3. Taliesin Knol permalink
    January 9, 2010 4:30 am

    Corprate Greed needs to to be curtailed without crippling the company, an easy way to do that is pay caps. You can only make X amount of money, and the rest goes to, the government? charity? the company? How about the employees’ bonuses. Add some other very clear, strict guidelines as needed, like we HAD been doing, except this time, Reagan, Clinton, Bush, don’t get rid of them because of your greed!

  4. Andy Tonti permalink
    April 23, 2012 1:44 pm

    Actually, the roots of modern capitalism go back to the beginnings of the 19th century. Sic,robber barons, john jacob astor, the vanderbilts, andrew carnegie. The only US Presidents courageous enough to confront them were Teddy Roosevelt, and I think Woodrow Wilson..
    Every president thereafter has had to concede at various levels to corporate intrusion in national policy-making. They (the corps.) debuted $$$$ into modern politics, and it’s been a downward spiral since.
    .

  5. Ron permalink
    November 15, 2013 10:58 am

    Most companies are started by individuals. Most new companies fail. To start a company, the owner usually has to use his own personal money, must take all the risk, and usually fails. Often times the new business owner puts in long hours and neglects his own family in order to better assure success. When the company is successful, many people are jealous of his/her success.
    On the other hand, why should the owner/CEO/President make $100 million while the workers barely make a subsistence salary. I am thinking that we need to encourage the heads of companies to share the success (this is a developing idea, so don’t be too critical at this point). Perhaps the tax rate that the owner/executive pays is based on how much he shares with employees. What if there were several levels established. For example: first $200,000 is taxable at 30% rate. Next $200,000 taxable at 40% rate, etc.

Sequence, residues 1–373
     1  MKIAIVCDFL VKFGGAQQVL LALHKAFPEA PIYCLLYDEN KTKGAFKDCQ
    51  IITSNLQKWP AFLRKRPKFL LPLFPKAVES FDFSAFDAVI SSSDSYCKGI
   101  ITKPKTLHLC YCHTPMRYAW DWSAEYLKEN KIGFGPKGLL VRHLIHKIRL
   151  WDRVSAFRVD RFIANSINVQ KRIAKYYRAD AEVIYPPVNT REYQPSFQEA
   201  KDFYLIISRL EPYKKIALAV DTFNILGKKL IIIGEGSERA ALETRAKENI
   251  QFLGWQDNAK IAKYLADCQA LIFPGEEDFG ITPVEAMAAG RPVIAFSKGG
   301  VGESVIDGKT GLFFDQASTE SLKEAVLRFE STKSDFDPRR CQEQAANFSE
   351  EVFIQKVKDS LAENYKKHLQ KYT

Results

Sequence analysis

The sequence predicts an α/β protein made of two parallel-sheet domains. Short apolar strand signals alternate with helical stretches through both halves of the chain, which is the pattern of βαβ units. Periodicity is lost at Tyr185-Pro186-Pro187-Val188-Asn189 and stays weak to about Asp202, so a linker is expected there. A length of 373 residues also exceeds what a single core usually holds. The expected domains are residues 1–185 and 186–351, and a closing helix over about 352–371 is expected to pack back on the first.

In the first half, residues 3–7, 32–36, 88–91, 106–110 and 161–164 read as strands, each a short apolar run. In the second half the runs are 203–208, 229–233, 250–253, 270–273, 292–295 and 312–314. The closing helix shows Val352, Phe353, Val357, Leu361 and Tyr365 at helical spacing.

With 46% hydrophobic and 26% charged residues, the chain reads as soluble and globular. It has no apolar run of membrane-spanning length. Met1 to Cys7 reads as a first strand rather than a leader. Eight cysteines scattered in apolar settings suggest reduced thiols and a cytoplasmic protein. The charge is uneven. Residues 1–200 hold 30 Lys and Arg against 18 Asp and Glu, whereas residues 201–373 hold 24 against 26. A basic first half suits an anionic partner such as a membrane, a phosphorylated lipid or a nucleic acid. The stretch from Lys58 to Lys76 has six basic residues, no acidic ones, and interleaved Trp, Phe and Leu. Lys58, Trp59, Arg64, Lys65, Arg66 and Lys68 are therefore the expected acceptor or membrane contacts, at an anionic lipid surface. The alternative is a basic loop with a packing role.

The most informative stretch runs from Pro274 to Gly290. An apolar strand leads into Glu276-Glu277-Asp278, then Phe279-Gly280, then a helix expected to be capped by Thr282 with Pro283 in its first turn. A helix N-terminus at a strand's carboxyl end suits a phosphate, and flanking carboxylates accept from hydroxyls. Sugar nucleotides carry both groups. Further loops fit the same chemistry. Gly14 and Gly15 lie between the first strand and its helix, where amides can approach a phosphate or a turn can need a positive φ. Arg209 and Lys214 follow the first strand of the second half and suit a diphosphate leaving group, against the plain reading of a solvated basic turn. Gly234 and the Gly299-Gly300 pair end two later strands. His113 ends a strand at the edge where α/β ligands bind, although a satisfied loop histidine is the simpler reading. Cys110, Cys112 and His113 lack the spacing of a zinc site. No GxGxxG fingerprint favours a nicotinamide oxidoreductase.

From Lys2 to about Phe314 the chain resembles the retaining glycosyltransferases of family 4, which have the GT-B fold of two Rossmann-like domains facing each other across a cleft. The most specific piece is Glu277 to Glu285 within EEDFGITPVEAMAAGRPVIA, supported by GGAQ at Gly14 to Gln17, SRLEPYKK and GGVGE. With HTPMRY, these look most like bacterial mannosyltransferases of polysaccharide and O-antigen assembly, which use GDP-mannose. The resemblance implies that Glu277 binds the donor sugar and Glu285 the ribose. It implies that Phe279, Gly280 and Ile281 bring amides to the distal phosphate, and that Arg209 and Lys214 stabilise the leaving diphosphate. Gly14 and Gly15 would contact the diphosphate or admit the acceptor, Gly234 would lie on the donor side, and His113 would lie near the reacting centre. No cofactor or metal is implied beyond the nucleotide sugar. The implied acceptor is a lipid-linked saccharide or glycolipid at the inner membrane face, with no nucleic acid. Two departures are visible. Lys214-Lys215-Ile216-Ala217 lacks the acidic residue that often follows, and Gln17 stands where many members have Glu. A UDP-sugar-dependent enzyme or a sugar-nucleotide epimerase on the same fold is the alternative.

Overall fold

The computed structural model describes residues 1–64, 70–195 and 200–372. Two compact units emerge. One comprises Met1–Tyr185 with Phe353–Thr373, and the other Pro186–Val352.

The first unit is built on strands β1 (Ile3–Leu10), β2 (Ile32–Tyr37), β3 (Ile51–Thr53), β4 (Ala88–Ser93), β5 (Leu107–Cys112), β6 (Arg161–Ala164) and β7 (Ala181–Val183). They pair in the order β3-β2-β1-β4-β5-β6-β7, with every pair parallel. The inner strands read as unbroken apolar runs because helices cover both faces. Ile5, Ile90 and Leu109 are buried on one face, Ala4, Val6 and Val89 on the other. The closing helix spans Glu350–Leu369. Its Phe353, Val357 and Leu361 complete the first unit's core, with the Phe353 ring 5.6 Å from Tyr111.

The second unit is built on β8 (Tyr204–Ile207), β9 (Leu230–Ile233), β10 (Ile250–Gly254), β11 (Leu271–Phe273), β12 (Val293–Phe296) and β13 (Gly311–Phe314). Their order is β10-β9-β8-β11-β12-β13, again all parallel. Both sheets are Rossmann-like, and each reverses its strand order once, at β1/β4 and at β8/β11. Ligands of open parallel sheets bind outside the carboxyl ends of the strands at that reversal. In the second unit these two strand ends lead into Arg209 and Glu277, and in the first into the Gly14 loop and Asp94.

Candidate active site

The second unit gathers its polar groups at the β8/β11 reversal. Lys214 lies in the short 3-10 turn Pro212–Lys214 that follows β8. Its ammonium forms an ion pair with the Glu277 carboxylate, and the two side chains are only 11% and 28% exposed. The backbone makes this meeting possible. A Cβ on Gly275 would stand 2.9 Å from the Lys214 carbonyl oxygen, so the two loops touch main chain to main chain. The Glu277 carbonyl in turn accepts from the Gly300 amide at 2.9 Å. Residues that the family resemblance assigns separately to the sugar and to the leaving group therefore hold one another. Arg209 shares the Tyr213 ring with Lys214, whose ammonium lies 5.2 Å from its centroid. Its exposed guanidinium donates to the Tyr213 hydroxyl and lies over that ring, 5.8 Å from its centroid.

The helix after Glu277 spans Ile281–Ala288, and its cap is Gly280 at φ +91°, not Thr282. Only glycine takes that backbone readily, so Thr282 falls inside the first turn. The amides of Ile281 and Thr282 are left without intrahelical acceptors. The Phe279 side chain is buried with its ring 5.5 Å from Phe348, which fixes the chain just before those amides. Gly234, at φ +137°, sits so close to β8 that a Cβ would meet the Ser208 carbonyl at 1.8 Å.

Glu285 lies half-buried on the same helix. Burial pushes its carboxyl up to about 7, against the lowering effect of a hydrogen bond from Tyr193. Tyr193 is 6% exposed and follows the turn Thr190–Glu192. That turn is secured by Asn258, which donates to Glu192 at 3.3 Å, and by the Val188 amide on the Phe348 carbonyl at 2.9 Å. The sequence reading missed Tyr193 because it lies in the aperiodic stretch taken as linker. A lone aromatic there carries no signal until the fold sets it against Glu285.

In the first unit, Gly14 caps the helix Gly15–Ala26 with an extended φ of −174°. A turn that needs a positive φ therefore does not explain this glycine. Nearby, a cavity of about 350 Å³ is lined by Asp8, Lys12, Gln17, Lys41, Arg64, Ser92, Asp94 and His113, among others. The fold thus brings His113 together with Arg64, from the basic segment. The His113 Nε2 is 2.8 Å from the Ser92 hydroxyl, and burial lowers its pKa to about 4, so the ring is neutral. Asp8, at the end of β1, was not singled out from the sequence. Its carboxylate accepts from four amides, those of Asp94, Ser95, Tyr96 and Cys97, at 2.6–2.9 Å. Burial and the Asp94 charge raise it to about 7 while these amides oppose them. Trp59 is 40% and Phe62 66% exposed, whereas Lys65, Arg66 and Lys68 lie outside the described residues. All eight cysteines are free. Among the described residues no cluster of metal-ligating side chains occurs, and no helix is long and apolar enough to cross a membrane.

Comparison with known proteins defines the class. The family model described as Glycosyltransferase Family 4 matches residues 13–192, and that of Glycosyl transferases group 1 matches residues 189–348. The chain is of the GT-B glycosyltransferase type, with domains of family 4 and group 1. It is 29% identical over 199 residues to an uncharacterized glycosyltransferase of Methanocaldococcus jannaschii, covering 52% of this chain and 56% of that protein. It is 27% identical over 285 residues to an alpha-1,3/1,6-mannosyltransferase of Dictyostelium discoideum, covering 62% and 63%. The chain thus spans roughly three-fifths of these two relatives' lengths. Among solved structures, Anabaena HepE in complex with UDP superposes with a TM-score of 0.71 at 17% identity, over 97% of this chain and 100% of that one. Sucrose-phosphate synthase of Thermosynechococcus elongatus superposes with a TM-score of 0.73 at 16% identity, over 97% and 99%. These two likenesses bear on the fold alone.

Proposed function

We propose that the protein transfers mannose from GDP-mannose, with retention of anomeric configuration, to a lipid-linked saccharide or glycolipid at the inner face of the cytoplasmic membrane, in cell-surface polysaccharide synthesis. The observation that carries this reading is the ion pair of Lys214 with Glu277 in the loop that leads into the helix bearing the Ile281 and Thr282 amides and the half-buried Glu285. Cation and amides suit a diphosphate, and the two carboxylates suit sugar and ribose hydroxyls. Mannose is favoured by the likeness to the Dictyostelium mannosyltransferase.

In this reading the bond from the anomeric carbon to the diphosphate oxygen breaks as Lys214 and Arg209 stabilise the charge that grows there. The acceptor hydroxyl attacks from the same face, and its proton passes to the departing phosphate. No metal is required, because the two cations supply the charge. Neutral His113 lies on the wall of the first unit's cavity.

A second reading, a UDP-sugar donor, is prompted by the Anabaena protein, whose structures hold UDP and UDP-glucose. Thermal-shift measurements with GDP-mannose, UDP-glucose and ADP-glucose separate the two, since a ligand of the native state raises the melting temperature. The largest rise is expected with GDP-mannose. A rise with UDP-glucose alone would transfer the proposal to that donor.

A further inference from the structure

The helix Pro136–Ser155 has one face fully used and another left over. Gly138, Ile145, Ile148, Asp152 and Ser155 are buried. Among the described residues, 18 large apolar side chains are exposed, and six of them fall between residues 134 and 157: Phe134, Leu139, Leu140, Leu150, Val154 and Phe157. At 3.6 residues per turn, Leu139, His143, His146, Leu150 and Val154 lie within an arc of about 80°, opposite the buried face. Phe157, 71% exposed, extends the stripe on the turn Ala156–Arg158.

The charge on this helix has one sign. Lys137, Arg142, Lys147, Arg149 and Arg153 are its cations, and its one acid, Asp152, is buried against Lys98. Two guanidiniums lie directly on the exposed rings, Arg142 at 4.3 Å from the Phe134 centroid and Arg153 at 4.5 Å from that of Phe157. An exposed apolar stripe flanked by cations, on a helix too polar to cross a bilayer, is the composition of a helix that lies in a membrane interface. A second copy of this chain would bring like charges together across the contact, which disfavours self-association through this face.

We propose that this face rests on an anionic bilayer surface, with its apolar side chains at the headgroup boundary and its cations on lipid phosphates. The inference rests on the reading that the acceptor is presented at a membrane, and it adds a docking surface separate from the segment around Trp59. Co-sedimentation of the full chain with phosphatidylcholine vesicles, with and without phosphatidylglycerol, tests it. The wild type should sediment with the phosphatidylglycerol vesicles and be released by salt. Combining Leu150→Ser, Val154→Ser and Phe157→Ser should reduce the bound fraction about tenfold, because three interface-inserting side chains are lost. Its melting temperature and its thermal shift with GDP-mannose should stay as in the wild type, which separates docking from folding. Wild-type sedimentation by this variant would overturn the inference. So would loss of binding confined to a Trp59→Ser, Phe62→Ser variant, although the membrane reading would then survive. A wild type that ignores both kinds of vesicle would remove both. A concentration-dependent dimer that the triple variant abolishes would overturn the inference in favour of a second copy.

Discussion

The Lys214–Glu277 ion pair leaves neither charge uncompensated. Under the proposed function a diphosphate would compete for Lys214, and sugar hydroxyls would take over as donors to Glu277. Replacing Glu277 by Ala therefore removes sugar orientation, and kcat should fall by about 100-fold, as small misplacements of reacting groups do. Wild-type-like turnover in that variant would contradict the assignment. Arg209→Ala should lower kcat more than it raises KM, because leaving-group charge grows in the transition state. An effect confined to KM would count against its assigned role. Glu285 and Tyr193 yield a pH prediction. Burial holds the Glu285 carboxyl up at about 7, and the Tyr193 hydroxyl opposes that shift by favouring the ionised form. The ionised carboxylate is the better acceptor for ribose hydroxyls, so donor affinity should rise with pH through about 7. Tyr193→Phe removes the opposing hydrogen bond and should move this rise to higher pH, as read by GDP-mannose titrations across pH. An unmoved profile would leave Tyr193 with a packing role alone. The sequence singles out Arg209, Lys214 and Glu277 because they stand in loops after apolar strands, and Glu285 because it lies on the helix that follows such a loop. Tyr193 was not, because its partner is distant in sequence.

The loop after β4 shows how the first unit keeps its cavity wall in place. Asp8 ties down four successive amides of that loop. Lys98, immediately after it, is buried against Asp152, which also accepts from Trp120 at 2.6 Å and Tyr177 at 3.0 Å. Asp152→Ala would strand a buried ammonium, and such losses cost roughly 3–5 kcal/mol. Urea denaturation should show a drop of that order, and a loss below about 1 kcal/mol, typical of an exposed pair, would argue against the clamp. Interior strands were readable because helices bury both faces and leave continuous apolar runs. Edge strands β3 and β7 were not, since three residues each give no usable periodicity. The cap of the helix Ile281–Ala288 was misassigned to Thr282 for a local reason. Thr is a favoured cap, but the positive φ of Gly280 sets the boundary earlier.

But also, the any employee salary plus bonus cannot exceed the lesser of …
    100 times the national minimum wage, 50 times his/her companies average salary,
    ?? percent of total company salary, or $1,000,000. Exceedance would be taxable at 70% income tax rate.
    I made this formula up on the fly … It needs to be scrutinized.
    The point is to encourage sharing the wealth but also allow success.

  6. P. Rottenham permalink
    May 1, 2014 6:05 pm

    Any good idea can be taken to a ridiculous extreme. Capitalism is one example. Runaway corporatism is the result.

    Any conservative will tell you that the corporation owes America nothing. The corporation’s only responsibility is to profit the investors, by any means necessary. On the other hand, if the federal government chooses to hand out corporate tax deductions like every day was Christmas, or to send our troops to fight for oil in foreign lands, what’s the problem with that?

    Even these things are nothing compared to recent Supreme Court decisions, which officially turn America into an oligarchy.

    Once, when the company profited, everyone did so. New jobs were created. Raises came around. Money flowed from the company, through the worker, through Main Street, through the federal government, and back to the company. The circular flow of money was complete. Keynesian economics worked. That was a long time ago, though.

    Now, the money flows not to American workers, but to Asia. Asians grow wealthy while the American middle class withers away. The tax revenue shortfall has made us a debtor nation in 15 years. Yet our corporate tax structure remains as it was in the 30s. We pay them to take our jobs away.

    Rick, I think you’re soft on the corporation. It is America’s worst enemy. Even if we started today, it would take a generation to undo the damage corporatism has done to our country. But if we don’t acknowledge it, we’ll go down for the count.